Magazine article Sculpture

Contradiction Is My Logic: A Conversation with Alexandre Arrechea

Magazine article Sculpture

Contradiction Is My Logic: A Conversation with Alexandre Arrechea

Article excerpt

Alexandre Arrechea, who was born in Cuba, worked as part of the wellknown collaborative Los Carpinteros before embarking on a solo career in 2003. Now, he navigates between living in Spain and exhibiting in biennials from Venice to Taipei and in museums from New York to Honolulu. "The Map and The Fact," his recent show at Magnan Metz Gallery in Chelsea, closed last month. Last year, in addition to several gallery exhibitions, he installed "No Limits," a collection of 10 steel models of New York skyscrapers, along the Park Avenue Mall. Though recognizable, these icons came with a twist, reconfigured into unexpected new forms-a flag on a pole, a striking serpent, a pentagon, spinning tops, and an ouroboros (the snake eating its own tail). It took me a while to understand this subversive imagery. Why turn the Seagram building into an up-jutting fire hose? Why tilt a Courthouse tower to resemble a traffic barrier? As Lowery Stokes Sims explains, Arrechea "destabilizes these power symbols, thus preventing them from successfully assuming whatever political philosophy that might seek to co-opt them." Earlier this year, No Limits, a film exploring power and architecture and featuring Arrechea's Park Avenue works, was shown at the Rome Independent Film Festival.

Jan Garden Castro: How do you balance life and career?

Alexandre Arrechea: When you are aware of what surrounds you, you have the perfect tools to build your work. My work contains my experiences of having a family and friends, of living in different countries, of being a Cuban. I don't separate things. I was born in Trinidad, Cuba, in a humble family that trained me, since I was a kid, to give more than I received. My mother, even when we didn't have enough money, always had something in her hands for our family and friends. I inherited that.

JGC: Could you discuss the subversive images in Conspiracy, which was included in "Against the Grain" at the Museum of Art and Design?

AA:My work has dealt with architecture for many years. Conspiracy comes from a period when I was focused on issues of surveillance and control. Prior to that, I had done The Garden of Mistrust, a metal tree with a surveillance system in its branches. In Conspiracy, I tried to create instability in the concept of what contains what. In this case, the chair contains the building rather than the building containing the chair. For me, the chair is the place where you sit down and ideas start to emerge. So, Conspiracy creates instability in familiar concepts. It was also the first time that I returned to making objects out of wood after my work with Los Carpinteros.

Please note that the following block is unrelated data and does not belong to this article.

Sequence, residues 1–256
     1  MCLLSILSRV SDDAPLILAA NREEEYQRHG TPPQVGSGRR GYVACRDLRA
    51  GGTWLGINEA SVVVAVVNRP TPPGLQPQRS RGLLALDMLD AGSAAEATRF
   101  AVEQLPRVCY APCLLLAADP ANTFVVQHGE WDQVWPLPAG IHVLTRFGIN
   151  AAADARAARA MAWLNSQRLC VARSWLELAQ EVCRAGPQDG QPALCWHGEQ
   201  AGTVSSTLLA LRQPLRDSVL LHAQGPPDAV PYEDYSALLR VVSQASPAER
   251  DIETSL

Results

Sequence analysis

Somehow, my relation to architecture was natural. I was born in one of the most beautiful cities in Cuba-Trinidad-and from a young age, I was surrounded by magnificent buildings. Furniture, too, is part of the colonial past in Trinidad. Since then, as a student and as a professional exhibiting in art galleries, the buildings of Trinidad, Havana, Madrid, and New York City have influenced my notion of working with architecture. These cities deal with different social realities, yet they all share a love of architecture.

JGC: How did you handle the transformation from student to world-traveling artist?

AA: In early 1990, I first exhibited my work as an art student in Havana. This was the first of three periods for Los Carpinteros. Dagoberto Rodriguez and I were working together without being fully conscious of it until we realized that we should do our first show together. Our professor, René Francisco, encouraged students to create collaborative works. Dagoberto and I were already a team, so Marco Castillo joined us. That show was so successful that the National Museum acquired our student pieces. We fell in love with the idea of trying to create a second show, which we did, along with a third one.

An invitation to the Havana Biennial in 1994 consolidated our team. As we continued, we became better known, and we showed our work in cities around the world. …

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